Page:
How Can BOMs Be Fairly Compensated?

As the job of branch managers grows increasingly complex, brokerage firms are grappling with questions about how their managers should be compensated. At many firms, branch managers are no longer compensated on a commission basis, based on branch revenues; today, the calculation is more complex. Most BOMs get a bonus calculated by using factors like gross and net branch income and recruiting activity, among other things.

As the job of branch managers grows increasingly complex, brokerage firms are grappling with questions about how their managers should be compensated. At many firms, branch managers are no longer compensated in commissions based on branch revenues; today, most BOMs get a salary and bonus, calculated using factors like gross and net branch income and recruiting activity.

But so far, there is no industry standard for calculating these compensation packages. Many industry insiders believe there should be, but they differ on how much compensation should be tied to branch revenues and growth.

At the very least, firms need to set clear and consistent performance guidelines for managers that are tied to compensation, says Rob Brown, founder of EncoreAdvisor.com, a consulting firm for financial advisors, branch managers and their firms. “The role of BOM has become a moving target based on the latest compliance scare, recruiting push, or fear of a profitability shortfall,” Brown says. “Home and regional offices seem to be constantly maneuvering as to which responsibilities should be centralized, and which should be pushed out to the branch level. To be effective, branch mangers need to have a clear set of expectations, and these expectations should not change on a whim.”

This strategy would help managers stay focused on the big picture, he adds. “Too many managers (especially new ones) turn themselves into financial and compliance bureaucrats,” he says. “They micromanage, and forget that their primary focus should be on the top line growth.”

Brown feels the best compensation formula would be a combination of salary and a bonus based on branch profitability, top line growth, recruiting success, satisfactory compliance reviews and advisor appraisals. And then the pay formula should be locked in, Brown says. “Firms should stop hiring branch managers as if it was a ‘year-to-year’ job; it is a long-term career,” he says.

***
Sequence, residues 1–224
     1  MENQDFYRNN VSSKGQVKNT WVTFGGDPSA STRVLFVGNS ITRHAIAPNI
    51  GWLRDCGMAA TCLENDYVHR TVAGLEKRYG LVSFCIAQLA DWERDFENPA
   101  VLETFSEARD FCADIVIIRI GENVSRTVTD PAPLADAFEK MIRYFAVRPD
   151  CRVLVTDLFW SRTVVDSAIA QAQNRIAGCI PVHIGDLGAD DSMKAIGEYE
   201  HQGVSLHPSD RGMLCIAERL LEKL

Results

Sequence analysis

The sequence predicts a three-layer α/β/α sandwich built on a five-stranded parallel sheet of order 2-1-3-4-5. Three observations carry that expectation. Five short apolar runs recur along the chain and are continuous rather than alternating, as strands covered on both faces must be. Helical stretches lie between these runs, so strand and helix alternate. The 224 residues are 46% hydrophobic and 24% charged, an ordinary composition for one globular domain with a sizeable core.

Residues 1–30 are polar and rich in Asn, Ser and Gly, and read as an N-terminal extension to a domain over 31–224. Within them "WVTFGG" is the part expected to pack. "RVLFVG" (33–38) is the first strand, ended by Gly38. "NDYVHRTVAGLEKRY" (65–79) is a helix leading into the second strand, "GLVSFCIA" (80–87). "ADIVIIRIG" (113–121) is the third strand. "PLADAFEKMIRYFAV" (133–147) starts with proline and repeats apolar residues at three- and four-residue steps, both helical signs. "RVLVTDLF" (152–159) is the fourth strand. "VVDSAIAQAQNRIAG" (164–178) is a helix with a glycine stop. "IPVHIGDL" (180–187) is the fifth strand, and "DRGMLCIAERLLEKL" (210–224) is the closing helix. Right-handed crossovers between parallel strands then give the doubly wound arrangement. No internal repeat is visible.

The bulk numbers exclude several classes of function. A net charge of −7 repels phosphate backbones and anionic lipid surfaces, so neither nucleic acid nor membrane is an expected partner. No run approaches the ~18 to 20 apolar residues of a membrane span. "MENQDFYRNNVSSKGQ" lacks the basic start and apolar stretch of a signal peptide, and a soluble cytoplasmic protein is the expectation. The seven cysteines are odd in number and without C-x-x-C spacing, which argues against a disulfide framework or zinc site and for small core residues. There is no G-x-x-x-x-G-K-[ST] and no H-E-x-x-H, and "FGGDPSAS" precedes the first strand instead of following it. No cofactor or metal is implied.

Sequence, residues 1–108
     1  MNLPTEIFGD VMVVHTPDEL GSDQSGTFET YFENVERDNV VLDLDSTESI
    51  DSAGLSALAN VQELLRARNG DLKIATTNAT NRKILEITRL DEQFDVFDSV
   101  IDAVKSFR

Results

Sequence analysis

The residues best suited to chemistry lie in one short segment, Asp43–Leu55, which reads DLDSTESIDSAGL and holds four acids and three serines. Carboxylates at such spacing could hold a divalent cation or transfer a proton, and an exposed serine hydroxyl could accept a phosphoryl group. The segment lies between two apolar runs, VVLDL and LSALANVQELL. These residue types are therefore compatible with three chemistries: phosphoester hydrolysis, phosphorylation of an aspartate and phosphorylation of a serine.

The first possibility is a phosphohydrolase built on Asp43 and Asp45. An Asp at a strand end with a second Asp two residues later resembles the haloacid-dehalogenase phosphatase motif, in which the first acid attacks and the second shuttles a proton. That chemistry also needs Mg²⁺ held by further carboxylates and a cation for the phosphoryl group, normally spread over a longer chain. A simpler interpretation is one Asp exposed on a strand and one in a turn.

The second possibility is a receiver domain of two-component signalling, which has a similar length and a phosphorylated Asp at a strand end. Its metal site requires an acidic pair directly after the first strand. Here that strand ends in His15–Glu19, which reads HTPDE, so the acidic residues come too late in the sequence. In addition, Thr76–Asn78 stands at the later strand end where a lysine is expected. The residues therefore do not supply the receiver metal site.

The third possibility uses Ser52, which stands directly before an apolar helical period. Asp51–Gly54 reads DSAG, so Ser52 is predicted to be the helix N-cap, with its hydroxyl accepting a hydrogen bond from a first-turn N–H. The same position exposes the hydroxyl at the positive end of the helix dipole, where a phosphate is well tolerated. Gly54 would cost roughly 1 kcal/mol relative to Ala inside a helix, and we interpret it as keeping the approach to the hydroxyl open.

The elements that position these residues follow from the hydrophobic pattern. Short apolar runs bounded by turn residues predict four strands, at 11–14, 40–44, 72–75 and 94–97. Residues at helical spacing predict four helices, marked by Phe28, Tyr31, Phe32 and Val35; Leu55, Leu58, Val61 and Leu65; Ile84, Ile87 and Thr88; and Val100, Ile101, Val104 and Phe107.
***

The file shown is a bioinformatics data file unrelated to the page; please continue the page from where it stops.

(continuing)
Andre Cappon, president of The CBM Group, a financial services research and consulting firm based in New York, agrees that a clear salary and bonus formula should be created based on multiple factors. Cappon suggests that firms create compensation “scorecards” to measure BOMs’ performance along multiple lines, such as revenue, profit, growth, training and recruiting. “I see it as a grid of criteria,” he says. “Because a strong branch manager must excel at trainee selection, training, recruiting experienced producers, and motivating and leading producers.”

Chip Roame, managing principal of Tiburon Strategic Advisors, a Calif.-based industry research and consulting firm, is a bit of a contrarian. He thinks manager compensation should be based on branch assets, and assets alone. “I think that brokerage firms will increasingly need ‘professional’ managers who are compensated based on the assets of their branches—not revenues or anything else,” says Chip Roame; “If the industry wants to be seen as a profession, it should compensate its leaders like professionals—not on commissions,” Roame says.

The problem with calculating branch manager compensation based on branch revenues rather than assets, he says, is that it gives branch managers incentives to encourage churning, and overselling in client accounts. “Schwab compensates its managers based upon branch assets,” he says. “The lead partner in a CPA or law firm gets a salary. But in brokerage firms, the leaders get commissions. What does that say about the industry?”

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